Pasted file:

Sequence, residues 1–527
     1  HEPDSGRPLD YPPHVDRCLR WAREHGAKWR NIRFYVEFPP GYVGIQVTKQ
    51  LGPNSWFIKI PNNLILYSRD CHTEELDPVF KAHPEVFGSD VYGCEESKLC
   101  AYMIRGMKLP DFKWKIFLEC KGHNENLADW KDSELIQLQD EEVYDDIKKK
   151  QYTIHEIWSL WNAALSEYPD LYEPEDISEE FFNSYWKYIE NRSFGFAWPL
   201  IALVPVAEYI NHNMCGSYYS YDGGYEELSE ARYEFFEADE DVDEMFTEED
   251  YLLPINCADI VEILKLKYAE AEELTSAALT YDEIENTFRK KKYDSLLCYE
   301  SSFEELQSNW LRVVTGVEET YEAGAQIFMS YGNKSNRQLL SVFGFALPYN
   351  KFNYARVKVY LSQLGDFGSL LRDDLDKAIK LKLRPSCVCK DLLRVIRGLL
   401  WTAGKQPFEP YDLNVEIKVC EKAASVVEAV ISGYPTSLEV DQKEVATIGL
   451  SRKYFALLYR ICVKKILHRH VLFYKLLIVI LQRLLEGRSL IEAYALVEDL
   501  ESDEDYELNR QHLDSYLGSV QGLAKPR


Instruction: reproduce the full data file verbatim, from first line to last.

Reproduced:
Sequence, residues 1–527
     1  HEPDSGRPLD YPPHVDRCLR WAREHGAKWR NIRFYVEFPP GYVGIQVTKQ
    51  LGPNSWFIKI PNNLILYSRD CHTEELDPVF KAHPEVFGSD VYGCEESKLC
   101  AYMIRGMKLP DFKWKIFLEC KGHNENLADW KDSELIQLQD EEVYDDIKKK
   151  QYTIHEIWSL WNAALSEYPD LYEPEDISEE FFNSYWKYIE NRSFGFAWPL
   201  IALVPVAEYI NHNMCGSYYS YDGGYEELSE ARYEFFEADE DVDEMFTEED
   251  YLLPINCADI VEILKLKYAE AEELTSAALT YDEIENTFRK KKYDSLLCYE
   301  SSFEELQSNW LRVVTGVEET YEAGAQIFMS YGNKSNRQLL SVFGFALPYN
   351  KFNYARVKVY LSQLGDFGSL LRDDLDKAIK LKLRPSCVCK DLLRVIRGLL
   401  WTAGKQPFEP YDLNVEIKVC EKAASVVEAV ISGYPTSLEV DQKEVATIGL
   451  SRKYFALLYR ICVKKILHRH VLFYKLLIVI LQRLLEGRSL IEAYALVEDL
   501  ESDEDYELNR QHLDSYLGSV QGLAKPR